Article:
To achieve the objectives of the Capital Markets Union, a sustainable, effective market for retail investments is needed.
The Capital Markets Union (CMU) is a way of creating greater financial integration in Europe. Through restructuring financial institutions exposed by the sovereign debt and global financial crisis, and rebalancing investment funding away from intermediated debt, the reforms set out to expand choices for both investors and savers. Aiming to provide new sources of funding for businesses through stocks and bonds, as well as reducing the cost of raising capital and facilitating cross-border and foreign investment, the project hopes to create a more stable, resilient and competitive EU financial system.
The reform initiative was launched in 2015 and, following a reset of the project in 2017, is now pushing forward as the City of London looks toward making its exit from the European Union. We spoke to Tanya Panovan, Head of the B1 Unit for Capital Markets Union, about whether the project has met its objective targets set for 2019, what the next steps are for the CMU, and what Brexit means for Europe’s financial stability.
How many targets of the Capital Markets Union action plan have been met now it is 2019, and what are the next steps going forward?
The European Commission has delivered all the measures it has committed to. Concretely, the Commission adopted all 13 legislative proposals set out in the CMU Action Plan and mid-term review to put in place the key building blocks of the Capital Markets Union. These include important proposals for the creation of new opportunities across the Single Market for businesses and investors through new EU-wide products and services, simpler, clearer and more proportionate rules, as well as a more efficient supervision of the financial industry. In addition, the Commission adopted three proposals on sustainable finance.
The European Parliament and the Council have agreed on 11 of the 13 proposals on the key CMU building blocks and on two of the three proposals on sustainable finance. The Commission has also worked on more than 50 non-legislative measures in an effort to render rules more proportionate and improve capital markets integration.
The next Commission will decide on future CMU priorities. The work, however, will continue towards creating more efficient, better connected and more liquid capital markets in the EU, leading to easier access for companies to funding and wider investment opportunities for investors across the Single Market.
How is the Capital Markets Union better connecting savings to investment and strengthening the European financial system? How will it diversify funding sources?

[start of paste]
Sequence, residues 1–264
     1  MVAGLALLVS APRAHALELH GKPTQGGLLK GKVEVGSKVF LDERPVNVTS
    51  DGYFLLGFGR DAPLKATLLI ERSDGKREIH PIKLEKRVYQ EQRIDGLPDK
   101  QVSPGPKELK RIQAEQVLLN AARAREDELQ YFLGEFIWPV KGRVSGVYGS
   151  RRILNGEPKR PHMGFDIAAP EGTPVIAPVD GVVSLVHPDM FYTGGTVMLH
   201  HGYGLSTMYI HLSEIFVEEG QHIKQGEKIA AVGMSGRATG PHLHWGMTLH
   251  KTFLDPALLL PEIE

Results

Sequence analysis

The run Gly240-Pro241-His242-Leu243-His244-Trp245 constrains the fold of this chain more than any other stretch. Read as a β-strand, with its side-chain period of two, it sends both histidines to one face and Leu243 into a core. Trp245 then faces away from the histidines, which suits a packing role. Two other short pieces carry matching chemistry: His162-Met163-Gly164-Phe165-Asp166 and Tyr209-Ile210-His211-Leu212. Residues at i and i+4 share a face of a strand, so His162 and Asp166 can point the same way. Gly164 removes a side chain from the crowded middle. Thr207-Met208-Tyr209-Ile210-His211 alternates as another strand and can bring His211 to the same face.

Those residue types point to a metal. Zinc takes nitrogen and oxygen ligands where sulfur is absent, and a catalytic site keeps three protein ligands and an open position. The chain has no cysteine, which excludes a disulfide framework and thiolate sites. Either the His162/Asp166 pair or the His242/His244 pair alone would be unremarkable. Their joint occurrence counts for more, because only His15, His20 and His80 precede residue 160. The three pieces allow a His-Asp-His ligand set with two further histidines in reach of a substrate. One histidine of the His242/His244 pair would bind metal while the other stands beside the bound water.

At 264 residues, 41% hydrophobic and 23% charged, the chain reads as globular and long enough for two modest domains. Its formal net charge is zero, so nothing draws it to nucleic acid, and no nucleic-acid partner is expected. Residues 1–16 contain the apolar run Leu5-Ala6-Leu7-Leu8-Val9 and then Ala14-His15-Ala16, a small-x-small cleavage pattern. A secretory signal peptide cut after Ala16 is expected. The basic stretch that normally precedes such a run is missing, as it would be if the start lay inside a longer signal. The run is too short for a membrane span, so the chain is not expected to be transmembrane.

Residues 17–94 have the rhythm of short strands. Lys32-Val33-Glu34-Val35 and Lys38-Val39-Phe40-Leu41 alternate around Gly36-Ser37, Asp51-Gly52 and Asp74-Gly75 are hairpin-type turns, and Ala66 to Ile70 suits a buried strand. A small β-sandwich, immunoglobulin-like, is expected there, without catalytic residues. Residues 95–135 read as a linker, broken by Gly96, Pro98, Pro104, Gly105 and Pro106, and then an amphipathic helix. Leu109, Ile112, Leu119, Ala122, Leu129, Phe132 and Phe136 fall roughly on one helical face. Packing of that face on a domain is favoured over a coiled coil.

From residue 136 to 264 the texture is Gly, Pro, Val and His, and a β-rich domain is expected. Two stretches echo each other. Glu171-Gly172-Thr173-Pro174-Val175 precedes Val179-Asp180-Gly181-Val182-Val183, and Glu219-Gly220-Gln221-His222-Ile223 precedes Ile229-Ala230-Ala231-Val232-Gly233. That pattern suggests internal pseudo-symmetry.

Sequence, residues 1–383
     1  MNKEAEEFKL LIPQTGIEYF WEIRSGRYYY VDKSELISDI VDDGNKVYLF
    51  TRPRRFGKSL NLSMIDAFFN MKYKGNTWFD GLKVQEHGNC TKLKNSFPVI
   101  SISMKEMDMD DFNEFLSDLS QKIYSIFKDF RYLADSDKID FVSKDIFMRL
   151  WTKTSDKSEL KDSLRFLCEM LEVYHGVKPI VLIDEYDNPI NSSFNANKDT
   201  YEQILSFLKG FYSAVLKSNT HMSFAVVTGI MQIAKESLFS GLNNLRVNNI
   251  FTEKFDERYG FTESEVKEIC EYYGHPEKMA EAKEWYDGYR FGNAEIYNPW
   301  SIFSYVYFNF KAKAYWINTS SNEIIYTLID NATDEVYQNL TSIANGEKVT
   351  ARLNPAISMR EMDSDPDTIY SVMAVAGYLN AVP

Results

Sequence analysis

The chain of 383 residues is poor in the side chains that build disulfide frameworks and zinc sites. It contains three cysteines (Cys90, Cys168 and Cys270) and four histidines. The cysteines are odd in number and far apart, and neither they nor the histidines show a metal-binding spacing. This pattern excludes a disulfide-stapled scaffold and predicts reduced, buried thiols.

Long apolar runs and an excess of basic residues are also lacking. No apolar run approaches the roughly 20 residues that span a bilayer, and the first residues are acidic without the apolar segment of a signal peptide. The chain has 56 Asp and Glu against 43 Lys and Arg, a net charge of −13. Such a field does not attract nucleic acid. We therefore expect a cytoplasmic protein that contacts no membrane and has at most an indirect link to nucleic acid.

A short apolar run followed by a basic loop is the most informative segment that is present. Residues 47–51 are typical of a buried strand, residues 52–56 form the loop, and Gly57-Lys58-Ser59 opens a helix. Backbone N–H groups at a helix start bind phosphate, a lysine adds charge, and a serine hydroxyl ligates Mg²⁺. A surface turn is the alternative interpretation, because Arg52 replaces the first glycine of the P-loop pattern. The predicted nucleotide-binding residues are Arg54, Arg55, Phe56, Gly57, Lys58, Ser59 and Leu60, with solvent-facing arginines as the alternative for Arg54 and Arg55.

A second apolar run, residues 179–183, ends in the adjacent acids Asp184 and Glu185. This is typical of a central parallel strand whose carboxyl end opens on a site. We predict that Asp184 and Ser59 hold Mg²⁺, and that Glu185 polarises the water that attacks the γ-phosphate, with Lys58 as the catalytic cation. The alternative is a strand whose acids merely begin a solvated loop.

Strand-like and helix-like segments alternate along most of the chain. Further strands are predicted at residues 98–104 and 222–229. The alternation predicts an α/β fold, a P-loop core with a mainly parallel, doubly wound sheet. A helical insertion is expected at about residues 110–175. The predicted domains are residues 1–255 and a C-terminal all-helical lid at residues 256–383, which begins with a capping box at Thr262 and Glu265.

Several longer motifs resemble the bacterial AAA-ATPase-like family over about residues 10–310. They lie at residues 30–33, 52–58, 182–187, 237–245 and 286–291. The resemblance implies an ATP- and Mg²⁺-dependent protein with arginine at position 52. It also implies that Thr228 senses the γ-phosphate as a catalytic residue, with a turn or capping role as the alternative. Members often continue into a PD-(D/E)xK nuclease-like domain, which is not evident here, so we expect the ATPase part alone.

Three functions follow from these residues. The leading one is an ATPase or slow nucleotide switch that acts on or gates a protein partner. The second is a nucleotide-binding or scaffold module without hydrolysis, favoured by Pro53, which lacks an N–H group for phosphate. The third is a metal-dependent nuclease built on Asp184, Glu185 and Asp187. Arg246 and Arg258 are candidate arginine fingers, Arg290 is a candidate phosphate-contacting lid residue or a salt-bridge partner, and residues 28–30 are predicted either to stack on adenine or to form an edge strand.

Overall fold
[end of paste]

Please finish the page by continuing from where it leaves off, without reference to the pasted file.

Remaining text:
Today, European households have one of the highest savings rates worldwide; while at the same time many EU companies continue to rely exclusively on bank financing.
Encouraging capital market investments from European households and savers can contribute to the development of funding sources alternative to bank financing, thus funnelling money into the economy otherwise kept in savings and deposit accounts around Europe. This can help also improve access to financing for small and medium enterprises (SMEs) and benefit the real economy in general by enabling companies to invest and create jobs.
Looking at what has been achieved in the current Commission’s term in this respect, a number of legislative proposals that Council and European Parliament have agreed to contribute to this objective. For instance, the Regulation on Pan-European Personal Pension Product (PEPP) should give EU citizens more choice when planning savings and investments for their retirement. A more developed market for personal pensions in the EU will channel more savings into long term investments and increase the depth, liquidity and efficiency of capital markets.
The new harmonised rules on covered bonds are expected to expand the capacity of banks to provide financing to the real economy and will give investors a wider range of safer investment opportunities. The reviewed rules on cross-border distribution of collective investment funds should also make the cross-border distribution of funds simpler, quicker and cheaper, which will also benefit retail investors. The Commission also presented a legislative proposal on crowdfunding that will help innovative businesses and retail investors; this proposal is however still being negotiated in the Council.